In this context, ethanol was identified as the ideal value-added product. The technology of converting corn mash into grain alcohol—ethanol—was well known. Its production led to the Whiskey Rebellion of 1794 and stories of revenuers and moonshine stills during prohibition.

While there were few opportunities in the liquor industry for increased production, the use of ethanol as a transportation fuel seemed unlimited. Ethanol was a fuel oxygenate that could play a role in reducing pollution. Additionally it was a home-grown fuel and could be marketed on the basis of reducing the dependence of the US on crude oil coming from a politically unstable area of the world.

The result was a remarkable farmer-led effort to financially lift themselves up by their proverbial bootstraps. They did this by developing a number of farmer-owned ethanol cooperatives and by lobbying state and federal legislatures to provide tax incentives and mandates for the use of ethanol as a fuel additive.

The support for ethanol really took off during a perfect storm of a) increasing crude oil prices and the desire for decreased dependence of foreign sources of oil, b) a growing concern about global warming and the belief that biofuels would recycle atmospheric carbon dioxide rather than add fossil-based carbon dioxide, and c) the banning of MTBE as a fuel oxygenate, leaving the field to ethanol.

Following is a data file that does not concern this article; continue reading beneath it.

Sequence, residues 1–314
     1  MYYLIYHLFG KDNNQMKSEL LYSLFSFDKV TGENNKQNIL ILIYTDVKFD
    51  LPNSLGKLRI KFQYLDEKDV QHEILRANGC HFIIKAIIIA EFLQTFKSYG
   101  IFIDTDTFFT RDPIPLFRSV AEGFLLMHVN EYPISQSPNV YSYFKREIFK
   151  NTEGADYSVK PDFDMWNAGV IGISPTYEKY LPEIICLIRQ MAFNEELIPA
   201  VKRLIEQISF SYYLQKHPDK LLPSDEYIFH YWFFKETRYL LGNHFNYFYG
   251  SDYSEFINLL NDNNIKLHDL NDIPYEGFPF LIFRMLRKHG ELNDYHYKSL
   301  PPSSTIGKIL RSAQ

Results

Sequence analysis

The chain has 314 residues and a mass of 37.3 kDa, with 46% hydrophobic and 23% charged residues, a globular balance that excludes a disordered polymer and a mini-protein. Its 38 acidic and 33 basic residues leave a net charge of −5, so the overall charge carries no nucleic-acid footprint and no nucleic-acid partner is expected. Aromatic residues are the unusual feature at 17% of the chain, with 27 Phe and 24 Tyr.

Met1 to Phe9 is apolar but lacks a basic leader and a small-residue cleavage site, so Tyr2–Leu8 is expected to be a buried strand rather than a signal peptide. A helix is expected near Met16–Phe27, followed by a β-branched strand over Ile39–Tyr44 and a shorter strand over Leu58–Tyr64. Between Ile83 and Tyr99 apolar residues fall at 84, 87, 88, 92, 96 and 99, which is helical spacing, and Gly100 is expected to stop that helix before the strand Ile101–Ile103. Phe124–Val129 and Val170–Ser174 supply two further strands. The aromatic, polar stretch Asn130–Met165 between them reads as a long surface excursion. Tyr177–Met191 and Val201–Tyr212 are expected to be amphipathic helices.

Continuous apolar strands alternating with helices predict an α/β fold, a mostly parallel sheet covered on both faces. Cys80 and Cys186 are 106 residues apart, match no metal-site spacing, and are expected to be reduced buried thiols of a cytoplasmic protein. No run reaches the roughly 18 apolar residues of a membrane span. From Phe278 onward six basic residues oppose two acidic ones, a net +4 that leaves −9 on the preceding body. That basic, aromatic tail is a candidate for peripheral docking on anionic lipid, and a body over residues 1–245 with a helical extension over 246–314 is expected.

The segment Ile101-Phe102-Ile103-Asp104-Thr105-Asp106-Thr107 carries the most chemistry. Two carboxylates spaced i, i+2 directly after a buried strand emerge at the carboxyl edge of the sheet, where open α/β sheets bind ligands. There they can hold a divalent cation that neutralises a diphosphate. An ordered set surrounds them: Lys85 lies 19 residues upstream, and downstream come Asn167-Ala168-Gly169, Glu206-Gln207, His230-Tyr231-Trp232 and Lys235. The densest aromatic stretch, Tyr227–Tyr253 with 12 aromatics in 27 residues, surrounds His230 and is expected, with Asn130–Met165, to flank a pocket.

With rising oil prices, the price of ethanol increased as well, enabling many of the farmers who invested in the early ethanol cooperatives to recoup their investment well ahead of schedule.

From there it got wild. Money follows money, and soon all sorts of non-farmer enterprises were investing in, designing, and building larger and larger ethanol plants.

By the late summer of 2006, it became apparent that the demand for corn by existing, under-construction, and on-the-planning-board ethanol plants would significantly increase. With stocks noticeably below historic levels, local corn price began to move up from near $2.00 at the end of August 2006 to the $4.00 level at the end of February 2007, providing a financial incentive for farmers to increase their corn plantings.

Farmers responded by planting a record 93.5 million acres, and prices fell to near $3.00 by the end of August 2007. As ethanol demand for corn was ramping upward, production short-falls beset farmers in other parts of the world—most notably wheat crop failures in both Eastern Europe and Australia. Because wheat also doubles as a feed grain in other parts of the world, corn prices had another fundamental reason to resume their upward trek.